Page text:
As soon as I walk up to the glass, I notice a bird flying in the sky. White body, dark head/neck, and black flight feathers. Immediately I called out, "WOOD STORK!" I started dancing and celebrating, completely forgetting that maybe I should snap a photo so I could get the sighting confirmed on ebird. So, with no time to change my settings from the dark forest, I got a very grainy, but still ID-able photo of the Wood Stork:
I rushed back to the visitor's center, camera in hand, and reported the sighting. The women working were very thankful, as they pay attention to the Wheeler eTT, and nobody had seen the stork since the initial sighting.
That day was a long one, as I walked several trails, took lots of photos, and didn't return home until the afternoon. I wouldn't get out for a few more days. At this point, I really really needed to find that Anhinga. I was determined.
So, let's move ahead a few more days. It had rained briefly, and if there's anything I've learned while birding it's that birds come out after the rain. I know it's my best time for birding, especially in the hot southern summer time.
I decided to hit Blackwell Swamp. No walking trails, but plenty of birding by car. I didn't have any bug spray and figured birding by car would be my best bet. Little did I know, it would also be my lucky day.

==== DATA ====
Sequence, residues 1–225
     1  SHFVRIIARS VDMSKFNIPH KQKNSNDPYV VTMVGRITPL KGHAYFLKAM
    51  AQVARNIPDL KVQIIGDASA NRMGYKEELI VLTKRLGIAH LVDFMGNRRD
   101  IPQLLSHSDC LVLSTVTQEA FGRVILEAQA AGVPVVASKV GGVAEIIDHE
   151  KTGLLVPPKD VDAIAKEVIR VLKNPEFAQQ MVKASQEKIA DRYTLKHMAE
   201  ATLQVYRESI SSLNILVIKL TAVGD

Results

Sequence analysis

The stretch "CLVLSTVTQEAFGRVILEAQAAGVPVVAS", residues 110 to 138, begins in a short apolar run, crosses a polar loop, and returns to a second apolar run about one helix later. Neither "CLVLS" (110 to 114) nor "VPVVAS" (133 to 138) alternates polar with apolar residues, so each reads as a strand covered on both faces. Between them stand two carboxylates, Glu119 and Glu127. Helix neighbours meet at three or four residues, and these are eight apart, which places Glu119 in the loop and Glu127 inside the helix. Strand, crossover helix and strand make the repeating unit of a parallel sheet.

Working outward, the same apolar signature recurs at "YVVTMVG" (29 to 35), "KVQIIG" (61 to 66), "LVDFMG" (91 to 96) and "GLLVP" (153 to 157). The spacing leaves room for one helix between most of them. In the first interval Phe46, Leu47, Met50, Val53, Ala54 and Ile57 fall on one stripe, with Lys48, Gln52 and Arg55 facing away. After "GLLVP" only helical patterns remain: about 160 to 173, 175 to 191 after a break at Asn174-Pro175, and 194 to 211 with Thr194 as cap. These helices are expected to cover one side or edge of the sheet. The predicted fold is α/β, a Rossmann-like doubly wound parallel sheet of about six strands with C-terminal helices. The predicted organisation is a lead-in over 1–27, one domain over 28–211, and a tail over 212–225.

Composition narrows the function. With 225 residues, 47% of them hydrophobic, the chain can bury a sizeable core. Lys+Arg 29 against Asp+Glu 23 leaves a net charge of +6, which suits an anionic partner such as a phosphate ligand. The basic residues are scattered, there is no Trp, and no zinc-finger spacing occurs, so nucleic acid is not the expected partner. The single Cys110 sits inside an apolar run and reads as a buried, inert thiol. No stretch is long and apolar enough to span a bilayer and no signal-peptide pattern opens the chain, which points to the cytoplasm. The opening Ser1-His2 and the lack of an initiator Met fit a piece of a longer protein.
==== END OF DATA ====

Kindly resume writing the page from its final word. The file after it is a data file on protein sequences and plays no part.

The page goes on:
At first I arrived at the swamp, and I saw a bird I swore was an Anhinga. He was a little too far off for me to get a clear photo, so I wrote it off as a Double-crested Cormorant. My excitement crushed, I decided to drive back through the woods, in the hopes to find the Barred Owl I'd spotted the week before.
Driving back through gave me plenty of Summer Tanagers and Indigo Buntings- probably the two most prevalent passerine species I find over at Blackwell Swamp. (Followed closely by Great Crested Flycatchers) I circled around the swamp, not finding any Anhingas at the other end. A little bummed, I made the decision to make one more round to the other side, to see if the "Cormorant" had perched a little closer for better photos.
What I found when I got back to the other side made my entire week. I saw, in flight, a male Anhinga. Unfortunately the photos were not ID-able, so I started scanning the swamp. That's when I saw her pop out of the swamp and perch. A female Anhinga!
Though my photo wasn't the best, it was definitely ID-able. I'd not even been in Alabama for two weeks and already chased down two rarities! I was feeling pretty good at this point, and maybe on top of the world (for birding, at least). I would return the next day to find the male Anhinga perched, though too far for good photos. I am certain that they may be nesting at the swamp.
Since chasing these two rarities, Blackwell Swamp has given me even more lifers. Notably: Bachman's Sparrow, and King Rail. Now you can understand why I love this place so much, right?
Next week, I plan on hitting a spot out near Muscle Shoals called "The Sinks". It seems to be a great place for shorebirds and waders, and Roseate Spoonbills were reported this week in the area along with Little Blue Herons. Cross your fingers that I find what I am looking for, and then some more!
Until next time.
Happy birding to all of you.